One of our retreatants at the Monastery of the Holy Spirit recently approached me after I gave a talk on aging, what it means and how to deal with it. I will call her Edna.

Edna had shared with me her perspective on aging over the previous months, which I found both enriching and, at times, puzzling. Puzzling people often speak to others in ways that upset their apple cart, but I found her words enlightening as we talked.

On this occasion Edna told me my talk on aging was “BS” and that I need to talk more about emotions and feelings, cutting out all the philosophizing. I initially laughed but then asked her to tell me what she meant. We talked for a long time, struggling to understand each other. In sum, Edna told me she preferred to experience life without attempting to overlay it or encase it with philosophical jargon. As she left, I had begun to agree with her that my talk was “BS.”

Edna was reminding me to embrace the moment, whatever experience that was before me, to be fully present, even if it takes a conscious decision. Since life can be very painful and hard to live, it’s also natural to look for explanations, a way of accepting the pain that life inflicts. But those explanations can become a method of withdrawal from the world and from other persons. We abstract to understand, but when understanding leads away from the world rather than into it then it’s time for self-scrutiny, which Edna had provoked in me.


I experience life as being lived in a kind of large, loud, and colorful zoo. There are birds, lions, and bears, as well as snakes, spiders, and crocodiles, but there are no cages. Some of these are dangerous, some confused, some just trying to get through the day. Some are sensitive, others are callous, and many acting as if they were numb to everything around them.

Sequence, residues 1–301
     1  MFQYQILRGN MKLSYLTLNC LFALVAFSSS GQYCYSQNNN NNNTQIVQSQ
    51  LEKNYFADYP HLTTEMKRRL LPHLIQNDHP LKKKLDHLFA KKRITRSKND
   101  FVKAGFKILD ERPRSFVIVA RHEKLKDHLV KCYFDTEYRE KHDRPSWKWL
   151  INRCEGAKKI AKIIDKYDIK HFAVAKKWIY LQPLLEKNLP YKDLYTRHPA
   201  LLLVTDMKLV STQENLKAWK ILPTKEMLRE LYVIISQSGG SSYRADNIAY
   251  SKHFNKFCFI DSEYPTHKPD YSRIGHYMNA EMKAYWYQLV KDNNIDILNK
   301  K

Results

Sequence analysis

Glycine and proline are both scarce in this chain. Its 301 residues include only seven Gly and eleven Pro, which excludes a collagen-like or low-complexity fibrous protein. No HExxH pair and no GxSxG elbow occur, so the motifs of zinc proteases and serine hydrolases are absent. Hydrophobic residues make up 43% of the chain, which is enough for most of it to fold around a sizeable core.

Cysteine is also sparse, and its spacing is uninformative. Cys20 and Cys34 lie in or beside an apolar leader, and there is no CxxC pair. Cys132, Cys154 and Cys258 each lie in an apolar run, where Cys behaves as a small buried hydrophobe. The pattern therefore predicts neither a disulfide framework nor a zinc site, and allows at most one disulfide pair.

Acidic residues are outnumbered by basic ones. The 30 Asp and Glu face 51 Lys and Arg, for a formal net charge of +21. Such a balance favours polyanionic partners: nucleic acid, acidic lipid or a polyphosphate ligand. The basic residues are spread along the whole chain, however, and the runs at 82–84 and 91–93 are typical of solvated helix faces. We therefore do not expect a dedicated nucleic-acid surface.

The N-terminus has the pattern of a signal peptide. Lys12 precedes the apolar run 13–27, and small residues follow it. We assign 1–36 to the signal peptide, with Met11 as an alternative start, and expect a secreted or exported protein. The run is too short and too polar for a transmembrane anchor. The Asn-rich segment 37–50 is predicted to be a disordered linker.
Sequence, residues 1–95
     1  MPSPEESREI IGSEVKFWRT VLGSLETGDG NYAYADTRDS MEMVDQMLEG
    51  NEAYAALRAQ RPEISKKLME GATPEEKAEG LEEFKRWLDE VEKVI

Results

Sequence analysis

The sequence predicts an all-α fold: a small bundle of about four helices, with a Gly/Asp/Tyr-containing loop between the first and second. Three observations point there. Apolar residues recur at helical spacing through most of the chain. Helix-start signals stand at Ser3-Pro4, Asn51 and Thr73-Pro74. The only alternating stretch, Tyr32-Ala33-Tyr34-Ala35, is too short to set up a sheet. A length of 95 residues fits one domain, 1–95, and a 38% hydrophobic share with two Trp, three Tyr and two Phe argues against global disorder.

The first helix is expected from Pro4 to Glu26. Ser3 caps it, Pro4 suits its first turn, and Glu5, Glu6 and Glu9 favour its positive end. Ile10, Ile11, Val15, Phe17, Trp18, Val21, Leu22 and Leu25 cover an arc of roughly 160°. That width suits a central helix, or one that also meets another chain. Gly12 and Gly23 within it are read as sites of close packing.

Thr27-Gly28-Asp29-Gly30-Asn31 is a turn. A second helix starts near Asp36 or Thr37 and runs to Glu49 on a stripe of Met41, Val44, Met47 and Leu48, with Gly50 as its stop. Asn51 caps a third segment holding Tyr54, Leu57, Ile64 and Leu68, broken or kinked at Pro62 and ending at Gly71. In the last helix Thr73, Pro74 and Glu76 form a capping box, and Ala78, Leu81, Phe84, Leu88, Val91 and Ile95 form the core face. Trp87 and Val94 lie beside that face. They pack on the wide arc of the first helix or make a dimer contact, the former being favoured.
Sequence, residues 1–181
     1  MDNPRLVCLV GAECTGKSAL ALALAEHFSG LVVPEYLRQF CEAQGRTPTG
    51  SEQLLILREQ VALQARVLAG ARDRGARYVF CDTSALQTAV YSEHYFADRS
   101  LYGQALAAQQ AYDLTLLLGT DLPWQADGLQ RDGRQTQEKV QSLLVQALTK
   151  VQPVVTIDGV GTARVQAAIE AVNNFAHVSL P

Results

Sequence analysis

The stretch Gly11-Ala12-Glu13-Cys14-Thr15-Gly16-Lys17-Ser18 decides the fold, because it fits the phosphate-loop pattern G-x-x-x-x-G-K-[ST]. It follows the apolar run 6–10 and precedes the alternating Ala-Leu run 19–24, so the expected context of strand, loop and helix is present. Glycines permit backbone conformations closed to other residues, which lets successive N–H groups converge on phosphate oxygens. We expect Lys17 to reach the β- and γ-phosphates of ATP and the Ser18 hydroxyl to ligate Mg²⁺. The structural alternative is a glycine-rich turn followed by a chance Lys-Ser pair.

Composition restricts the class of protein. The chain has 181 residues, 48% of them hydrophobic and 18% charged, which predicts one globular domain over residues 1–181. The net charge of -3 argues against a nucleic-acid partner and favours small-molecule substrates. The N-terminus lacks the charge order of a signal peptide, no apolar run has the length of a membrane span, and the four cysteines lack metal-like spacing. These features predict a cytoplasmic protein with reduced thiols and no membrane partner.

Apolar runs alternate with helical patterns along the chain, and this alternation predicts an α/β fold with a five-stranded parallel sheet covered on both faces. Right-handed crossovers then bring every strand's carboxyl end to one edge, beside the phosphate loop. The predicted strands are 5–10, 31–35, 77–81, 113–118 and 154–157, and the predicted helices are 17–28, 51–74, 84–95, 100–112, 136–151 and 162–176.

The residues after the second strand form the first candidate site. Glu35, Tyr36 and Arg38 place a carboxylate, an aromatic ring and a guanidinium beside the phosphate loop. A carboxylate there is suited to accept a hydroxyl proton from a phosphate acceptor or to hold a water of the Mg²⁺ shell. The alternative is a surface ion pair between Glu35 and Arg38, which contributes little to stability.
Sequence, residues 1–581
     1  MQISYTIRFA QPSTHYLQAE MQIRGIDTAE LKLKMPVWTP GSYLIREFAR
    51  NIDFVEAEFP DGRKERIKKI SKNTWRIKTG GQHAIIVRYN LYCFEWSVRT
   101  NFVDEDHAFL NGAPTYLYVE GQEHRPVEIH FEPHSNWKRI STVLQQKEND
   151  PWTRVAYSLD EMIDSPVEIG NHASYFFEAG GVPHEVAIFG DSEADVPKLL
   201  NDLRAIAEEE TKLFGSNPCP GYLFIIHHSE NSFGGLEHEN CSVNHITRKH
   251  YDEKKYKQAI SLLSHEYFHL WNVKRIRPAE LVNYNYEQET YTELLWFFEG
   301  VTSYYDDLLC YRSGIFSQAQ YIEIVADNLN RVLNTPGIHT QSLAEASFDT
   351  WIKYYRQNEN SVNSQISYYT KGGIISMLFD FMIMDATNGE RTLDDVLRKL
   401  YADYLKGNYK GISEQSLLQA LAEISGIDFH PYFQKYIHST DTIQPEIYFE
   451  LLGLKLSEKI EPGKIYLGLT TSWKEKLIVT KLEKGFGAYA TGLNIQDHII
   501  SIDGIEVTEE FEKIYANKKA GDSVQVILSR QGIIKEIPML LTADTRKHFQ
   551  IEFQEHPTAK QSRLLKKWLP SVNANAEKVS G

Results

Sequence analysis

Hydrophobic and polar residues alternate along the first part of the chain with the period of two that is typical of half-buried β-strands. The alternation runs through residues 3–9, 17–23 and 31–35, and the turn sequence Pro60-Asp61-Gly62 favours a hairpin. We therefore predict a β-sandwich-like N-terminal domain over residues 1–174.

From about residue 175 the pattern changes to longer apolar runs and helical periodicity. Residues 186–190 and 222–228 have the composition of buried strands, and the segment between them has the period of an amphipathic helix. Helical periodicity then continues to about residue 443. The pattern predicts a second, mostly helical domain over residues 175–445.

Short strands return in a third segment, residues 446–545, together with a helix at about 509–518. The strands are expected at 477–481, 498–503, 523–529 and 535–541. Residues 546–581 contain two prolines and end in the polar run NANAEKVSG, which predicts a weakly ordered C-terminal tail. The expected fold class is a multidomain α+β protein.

Like some animals in a zoo I, too, can be petulant, cruel, and violent, but the list does not end there. What William Golding wrote in his well-known 1954 novel, The Lord of the Flies, is evident in our daily news reports. Deep within human nature there is a fallenness that can overturn the most deeply hold moral convictions, regardless of our age and circumstances.

God did not create us to live in cages, however. We are meant to roam freely, to seek our happiness on earth and in heaven. Faith is a guide to this search, but when the faithful begin to believe they have “arrived” when, in fact, they are still “on the way,” they can begin to lose sight of themselves.

In my case, as Edna pointed out, I was using philosophical concepts about growing older as if I had arrived at a point of complete understanding when, of course, I had not.

Edna had reminded me to be more childlike, to accept the fact that throughout of earthly life we are dependent beings, and our understanding only partial; we see “through a glass darkly” before we can see “face to face.”

Going forward, I will remind myself to be reminded by Edna to keep my words close to shared experience, allowing my conceptual understanding clarify our experience rather than distancing ourselves from it.

In other words, cut out the “BS”!